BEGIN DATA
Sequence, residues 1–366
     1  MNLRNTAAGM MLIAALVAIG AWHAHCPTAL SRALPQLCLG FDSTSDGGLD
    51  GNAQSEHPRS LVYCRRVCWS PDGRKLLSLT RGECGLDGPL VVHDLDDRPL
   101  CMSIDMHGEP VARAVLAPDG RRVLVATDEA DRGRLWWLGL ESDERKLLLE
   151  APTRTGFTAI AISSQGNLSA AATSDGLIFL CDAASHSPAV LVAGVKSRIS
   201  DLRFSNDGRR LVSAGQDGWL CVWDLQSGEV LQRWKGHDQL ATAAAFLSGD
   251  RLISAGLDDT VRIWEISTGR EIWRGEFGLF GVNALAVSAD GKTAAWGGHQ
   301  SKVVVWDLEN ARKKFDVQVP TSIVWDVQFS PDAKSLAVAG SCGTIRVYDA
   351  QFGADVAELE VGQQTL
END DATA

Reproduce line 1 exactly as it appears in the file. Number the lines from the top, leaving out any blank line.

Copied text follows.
Sequence, residues 1–366